Namibia: No Restitution for Ancestral Land Claims

Investigations into the claims of ancestral land by the commission of inquiry established by the government may not necessarily lead to restitution for the dispossessed communities.

The deputy minister of information Engel Nawatiseb made these remarks in a statement issued last week.

While condemning the critics and those boycotting the work of the ancestral land commission of inquiry, Nawatiseb said although the commission may be tasked to work out possible restitution mechanisms, a return of the land lost may not necessarily be the end-result. He added that at this stage, the commission and the government were only interested in establishing and defining ancestral land rights.

"It is also important to anticipate and note that for those whose ancestral land rights may be affirmed by the commission, restitution may not necessarily be the workable and practicable redress. But this does not mean that their ancestral land rights cannot and should not be affirmed".

"As much as the commission speaks of restitution, it is preposterous at this stage to speak of restitution. First things first, and it is to establish and define ancestral land rights," Nawatiseb said.

The establishment of the commission was part of the resolutions from the 2018 second national land conference to investigate ancestral land rights claims, and the issue of restitution.

The commission, according to its terms of reference, will make appropriate recommendations in a report that would be submitted to the government for the effective implementation of the resolutions of the second national land conference on the issue.

The Namibian reported earlier last week that the government will fork out over N$10 million to enable the commission to conduct countrywide consultations into ancestral land rights' claims.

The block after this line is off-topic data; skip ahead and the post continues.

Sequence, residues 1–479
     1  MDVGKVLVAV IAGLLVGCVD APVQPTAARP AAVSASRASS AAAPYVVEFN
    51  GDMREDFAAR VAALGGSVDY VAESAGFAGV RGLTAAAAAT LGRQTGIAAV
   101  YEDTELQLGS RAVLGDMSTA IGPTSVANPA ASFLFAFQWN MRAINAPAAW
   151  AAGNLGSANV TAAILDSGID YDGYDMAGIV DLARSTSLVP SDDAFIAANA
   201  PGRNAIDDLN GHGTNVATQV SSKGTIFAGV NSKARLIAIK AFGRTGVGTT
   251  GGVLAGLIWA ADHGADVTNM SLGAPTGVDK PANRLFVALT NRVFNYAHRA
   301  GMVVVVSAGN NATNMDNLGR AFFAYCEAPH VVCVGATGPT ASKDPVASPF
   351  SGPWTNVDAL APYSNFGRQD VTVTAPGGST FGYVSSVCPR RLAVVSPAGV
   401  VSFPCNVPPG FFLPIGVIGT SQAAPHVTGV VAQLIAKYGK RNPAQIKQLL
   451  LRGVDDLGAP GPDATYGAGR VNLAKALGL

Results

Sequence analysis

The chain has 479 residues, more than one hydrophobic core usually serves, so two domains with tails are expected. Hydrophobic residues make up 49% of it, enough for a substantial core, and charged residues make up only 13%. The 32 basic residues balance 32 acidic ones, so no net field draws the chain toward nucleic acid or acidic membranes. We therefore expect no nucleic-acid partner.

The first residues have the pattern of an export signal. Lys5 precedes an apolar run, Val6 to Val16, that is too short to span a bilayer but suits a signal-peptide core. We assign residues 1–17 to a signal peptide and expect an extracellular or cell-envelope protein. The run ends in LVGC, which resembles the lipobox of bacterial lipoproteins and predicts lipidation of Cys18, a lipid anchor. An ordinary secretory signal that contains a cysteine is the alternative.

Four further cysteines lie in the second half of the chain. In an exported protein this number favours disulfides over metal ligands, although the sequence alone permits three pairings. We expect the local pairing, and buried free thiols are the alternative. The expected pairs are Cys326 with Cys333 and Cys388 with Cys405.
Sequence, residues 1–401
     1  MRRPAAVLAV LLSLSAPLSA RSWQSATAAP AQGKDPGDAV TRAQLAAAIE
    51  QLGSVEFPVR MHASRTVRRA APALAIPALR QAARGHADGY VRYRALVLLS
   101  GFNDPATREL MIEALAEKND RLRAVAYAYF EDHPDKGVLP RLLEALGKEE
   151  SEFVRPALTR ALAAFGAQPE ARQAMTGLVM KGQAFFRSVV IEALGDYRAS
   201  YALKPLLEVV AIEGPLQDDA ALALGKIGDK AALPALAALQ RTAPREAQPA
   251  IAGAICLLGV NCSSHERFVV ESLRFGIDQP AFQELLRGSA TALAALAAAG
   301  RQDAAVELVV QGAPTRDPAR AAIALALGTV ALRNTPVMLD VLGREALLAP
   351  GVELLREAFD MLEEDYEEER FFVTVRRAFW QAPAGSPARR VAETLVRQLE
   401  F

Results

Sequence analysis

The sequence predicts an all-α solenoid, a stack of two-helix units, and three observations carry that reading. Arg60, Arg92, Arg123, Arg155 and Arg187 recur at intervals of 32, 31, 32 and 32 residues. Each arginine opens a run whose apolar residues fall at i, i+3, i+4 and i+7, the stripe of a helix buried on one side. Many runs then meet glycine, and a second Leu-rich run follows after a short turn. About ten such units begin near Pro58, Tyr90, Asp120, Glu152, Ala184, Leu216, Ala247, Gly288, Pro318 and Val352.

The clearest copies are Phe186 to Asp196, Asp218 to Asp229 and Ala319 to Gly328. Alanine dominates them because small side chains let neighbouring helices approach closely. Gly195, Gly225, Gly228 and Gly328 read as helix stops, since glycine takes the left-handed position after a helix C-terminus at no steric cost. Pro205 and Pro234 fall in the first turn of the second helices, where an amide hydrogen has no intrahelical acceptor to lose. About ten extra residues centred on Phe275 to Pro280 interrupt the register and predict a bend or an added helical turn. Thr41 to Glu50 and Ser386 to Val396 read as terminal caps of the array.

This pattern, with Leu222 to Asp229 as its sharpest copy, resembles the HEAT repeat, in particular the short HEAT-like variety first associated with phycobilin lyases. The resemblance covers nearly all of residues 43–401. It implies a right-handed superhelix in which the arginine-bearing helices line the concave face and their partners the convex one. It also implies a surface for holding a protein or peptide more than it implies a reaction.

Although the commission is already halfway with its work, several concerned groups, including the Landless People's Movement (LPM), have condemned it, saying the ruling party was not genuinely concerned about solving the ancestral land issue, but was just using it to gain political mileage, and will "discard the matter after the [national] elections" in November this year.

Other opposition parties, including Swanu and Nudo, have also expressed concern that other political parties had been "deliberately excluded" from the exercise, and that the majority of the members of the commission had limited knowledge of ancestral land rights.

The LPM has since refused to participate in the countrywide consultations being conducted by the commission.

Nawatiseb in his statement also dismissed claims that the appointment of the commission of inquiry was a political ploy for the ruling party to gain support.

He said people were not politically obliged to "attend and submit any oral or written presentation" to any of the public hearings that the commission is conducting countrywide.

"It is not strange that the commission, which emanated from the second national land conference, has, is and shall continue to invite negative and non-constructive comments. It has now become the business and fashion, especially by those who by their own conviction and choice shunned the second national land conference, to find every fault with the commission, whether to boost their egos [...]," he stated.

Nawatiseb is not the first government official to express his misgivings on the issue of ancestral land.

Last year, The Namibian reported how the government was reluctant to include the issue of ancestral land on the agenda of the land conference held in October, 2018.

Attorney general Albert Kawana was also on record during the land conference as saying that the implementation of ancestral land resolutions "could bring civil war" if not properly handled.

After he was briefed on the progress made by the commission at State House last Monday, president Hage Geingob echoed similar sentiments, saying the hostility by some concerned groups and "failed politicians" towards the government's efforts could "put this country at war".

One of the ruling party's wing - the Swapo Party Elders Council - is also against the implementation of the ancestral land resolutions.

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